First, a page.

As shown in FIG. 4, blind vias 31, plated through holes of minimal diameter, electrically connect the grounding pads through the top layer 33 of the logic board 10 to the ground plane 32. Blind vias 31 electrically connect grounding pads 15 to the ground plane 32 but do not continue into subsequent logic board layers 35 and signal planes 34, and have a diameter appreciably smaller than use of mounting vias (not shown) in the prior art, thereby providing substantial etching areas and unimpeded signal routing through one or more subsequent logic board layers 35 and signal planes 34.
As shown in FIG. 5, an alternative embodiment uses signal vias 31a, plated through holes, to electrically connect through the logic board 10a the same elements as shown in FIG. 4, grounding pads 15a to a ground plane 32a. This alternative via arrangement differs from the preferred embodiment shown in FIG. 4 through use of a signal via 31a that continues from the top layer 33a through the logic board 10a to the ground plane 31a and all subsequent logic board layers 35a and signal planes 34a. Although signal vias 31a continue through all subsequent logic board layers 35a and signal planes 34a, signal vias 31a have a diameter appreciably smaller than mounting vias used in prior art (not shown), thereby providing substantial etching areas with minimal impedance of signal routing of the signal planes 34a through one or more logic board layers 35a. Moreover, etching extending from one signal via 31a may be employed to extend to one or more grounding pads 15a, such that employing less vias to ground the grounding pads causes less restrictions on etching areas and less impedance of signal routing.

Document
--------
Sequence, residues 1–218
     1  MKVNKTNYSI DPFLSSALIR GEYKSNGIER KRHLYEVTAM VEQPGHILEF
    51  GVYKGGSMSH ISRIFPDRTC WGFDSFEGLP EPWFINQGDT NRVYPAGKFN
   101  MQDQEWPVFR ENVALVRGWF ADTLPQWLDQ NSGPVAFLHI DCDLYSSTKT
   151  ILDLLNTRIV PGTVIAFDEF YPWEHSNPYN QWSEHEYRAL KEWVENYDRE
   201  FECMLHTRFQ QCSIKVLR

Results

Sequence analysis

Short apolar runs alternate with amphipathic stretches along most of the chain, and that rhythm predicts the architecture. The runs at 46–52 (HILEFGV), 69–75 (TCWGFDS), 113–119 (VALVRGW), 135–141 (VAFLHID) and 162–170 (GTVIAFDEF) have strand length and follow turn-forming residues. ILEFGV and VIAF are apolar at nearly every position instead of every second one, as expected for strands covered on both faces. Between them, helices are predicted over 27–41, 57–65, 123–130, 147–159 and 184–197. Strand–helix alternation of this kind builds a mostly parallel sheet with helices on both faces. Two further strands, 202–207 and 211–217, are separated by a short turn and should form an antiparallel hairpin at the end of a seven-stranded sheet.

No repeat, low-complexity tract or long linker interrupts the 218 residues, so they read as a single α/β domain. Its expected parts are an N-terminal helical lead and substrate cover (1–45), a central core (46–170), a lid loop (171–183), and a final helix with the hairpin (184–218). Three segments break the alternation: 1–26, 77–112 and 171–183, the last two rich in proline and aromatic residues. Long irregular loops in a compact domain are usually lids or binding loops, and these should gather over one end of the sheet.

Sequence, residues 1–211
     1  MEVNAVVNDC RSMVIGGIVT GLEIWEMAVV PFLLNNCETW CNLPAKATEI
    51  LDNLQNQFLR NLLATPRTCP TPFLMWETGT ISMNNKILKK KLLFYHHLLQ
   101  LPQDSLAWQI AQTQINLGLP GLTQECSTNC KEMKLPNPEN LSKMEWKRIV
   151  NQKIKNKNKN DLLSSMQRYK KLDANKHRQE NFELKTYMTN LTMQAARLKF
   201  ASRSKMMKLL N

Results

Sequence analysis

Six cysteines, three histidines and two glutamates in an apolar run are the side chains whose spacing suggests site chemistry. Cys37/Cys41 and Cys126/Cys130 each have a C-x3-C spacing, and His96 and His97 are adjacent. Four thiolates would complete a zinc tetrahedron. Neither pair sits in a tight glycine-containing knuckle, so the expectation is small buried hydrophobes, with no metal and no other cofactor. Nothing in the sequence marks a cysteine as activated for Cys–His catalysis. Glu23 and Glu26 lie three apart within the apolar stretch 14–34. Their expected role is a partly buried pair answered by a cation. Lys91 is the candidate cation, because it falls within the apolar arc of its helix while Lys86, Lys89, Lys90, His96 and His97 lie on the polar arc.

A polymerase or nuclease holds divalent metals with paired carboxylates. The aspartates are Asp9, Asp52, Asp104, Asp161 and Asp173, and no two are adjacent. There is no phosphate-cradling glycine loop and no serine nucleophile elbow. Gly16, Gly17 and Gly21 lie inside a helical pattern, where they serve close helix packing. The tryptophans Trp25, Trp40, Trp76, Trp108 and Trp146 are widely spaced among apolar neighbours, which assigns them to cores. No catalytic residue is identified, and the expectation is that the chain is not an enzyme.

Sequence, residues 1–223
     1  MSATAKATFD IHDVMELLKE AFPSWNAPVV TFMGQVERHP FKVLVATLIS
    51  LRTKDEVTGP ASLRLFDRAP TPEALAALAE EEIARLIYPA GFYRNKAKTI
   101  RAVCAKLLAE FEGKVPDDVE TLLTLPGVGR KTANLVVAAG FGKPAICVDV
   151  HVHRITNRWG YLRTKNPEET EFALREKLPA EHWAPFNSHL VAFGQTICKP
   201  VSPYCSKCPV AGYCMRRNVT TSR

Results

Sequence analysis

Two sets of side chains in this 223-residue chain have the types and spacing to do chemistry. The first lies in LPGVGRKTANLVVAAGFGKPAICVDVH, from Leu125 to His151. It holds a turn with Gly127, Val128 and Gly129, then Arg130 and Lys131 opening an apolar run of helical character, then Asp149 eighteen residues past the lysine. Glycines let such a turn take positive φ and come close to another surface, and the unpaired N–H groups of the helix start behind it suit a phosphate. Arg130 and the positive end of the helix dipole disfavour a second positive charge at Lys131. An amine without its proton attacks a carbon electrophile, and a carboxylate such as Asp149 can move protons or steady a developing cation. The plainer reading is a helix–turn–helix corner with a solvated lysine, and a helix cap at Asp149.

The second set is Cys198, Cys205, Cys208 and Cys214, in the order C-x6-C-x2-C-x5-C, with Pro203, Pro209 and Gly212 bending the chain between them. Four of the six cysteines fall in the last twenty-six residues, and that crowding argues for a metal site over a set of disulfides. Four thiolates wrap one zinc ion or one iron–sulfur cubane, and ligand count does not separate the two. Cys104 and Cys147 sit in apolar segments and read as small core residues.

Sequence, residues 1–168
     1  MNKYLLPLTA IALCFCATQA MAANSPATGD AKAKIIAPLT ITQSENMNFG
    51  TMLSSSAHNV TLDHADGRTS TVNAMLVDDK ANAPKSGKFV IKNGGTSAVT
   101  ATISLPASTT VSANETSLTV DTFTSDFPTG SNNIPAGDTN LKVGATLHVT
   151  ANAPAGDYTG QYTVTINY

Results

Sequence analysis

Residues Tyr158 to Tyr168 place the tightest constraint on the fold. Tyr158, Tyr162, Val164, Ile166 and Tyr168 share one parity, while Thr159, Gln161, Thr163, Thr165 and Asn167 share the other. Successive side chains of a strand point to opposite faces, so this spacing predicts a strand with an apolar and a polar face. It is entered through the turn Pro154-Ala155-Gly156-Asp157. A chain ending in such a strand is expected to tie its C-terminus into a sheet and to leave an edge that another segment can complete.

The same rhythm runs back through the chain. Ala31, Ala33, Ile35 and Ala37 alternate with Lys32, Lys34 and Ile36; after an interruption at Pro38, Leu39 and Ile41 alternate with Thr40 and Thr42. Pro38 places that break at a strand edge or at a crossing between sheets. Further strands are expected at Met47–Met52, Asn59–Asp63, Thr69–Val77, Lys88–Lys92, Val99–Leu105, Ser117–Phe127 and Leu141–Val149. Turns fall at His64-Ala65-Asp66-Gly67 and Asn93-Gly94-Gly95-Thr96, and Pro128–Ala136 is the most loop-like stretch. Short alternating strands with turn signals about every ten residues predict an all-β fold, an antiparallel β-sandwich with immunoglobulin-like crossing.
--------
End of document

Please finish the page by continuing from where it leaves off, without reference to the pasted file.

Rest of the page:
In the preferred embodiment shown in FIG. 4, the logic board has a plurality of eight layers that include an outer layer 33, a ground plane 31 and six subsequent pairs of signal planes 34 and logic board layers 35. However, other embodiments may have more or less logic board layers 35 and signal planes 34 than shown in the embodiment of FIG. 4. Moreover, the logic board 10 shown in the embodiment of FIG. 4 has logic board layers 35 made of FR4, however, alternative embodiments may include logic boards 10 having logic board layers 35 made of other types of silicon and fiberglass materials.
Shown in FIGS. 2 and 3, the grounding tabs 14 are spaced apart a distance forming an EMI/RFI shield to attenuate high frequency EMI/RFI emitted by electrical devices and electronic circuitry. Grounding tabs 14 are spaced apart a distance to shield the cage 11 from high frequency EMI/RFI emissions of electrical devices and circuitry externally mounted on the logic board 10 relative to the cage 11. Shielding EMI/RFI emissions from entering the cage reduces the EMI/RFI emitted from the computer enclosure through the openings and slots 18 of the option devices 19 held within the cage 11.
As shown in the figures, grounding pads 15, grounding tabs 14 and a grounding plane are used to groundingly mount the cage 11 to the logic board 10. However, other embodiments of this invention may employ an alternative grounding source and other grounding means. For example, for one alternative embodiment, the computer enclosure's metallic face (not shown), located at a logic board edge is the electrical grounding source, whereby electrical contact between the front edge of the cage and the computer enclosure's metallic face plate (not shown) electrically grounds the cage. For another alternative embodiment, a grounded enclosure is the grounding source, whereby a conductive fastener (not shown) electrical connects a grounding pad through the logic board 10 to a grounded enclosure (not shown), thereby grounding the cage 11.
Factors such as shielding effectiveness, maximum opening dimension, signal wavelength frequency, and thickness of the cage walls 16 are applied in a conventional manner to determine the optimal distance between the tabs 14 for providing effective EMI/RFI shielding. Generally, the higher the wavelength frequency, the smaller the wavelength amplitude and therefore, the smaller the distance between the tabs.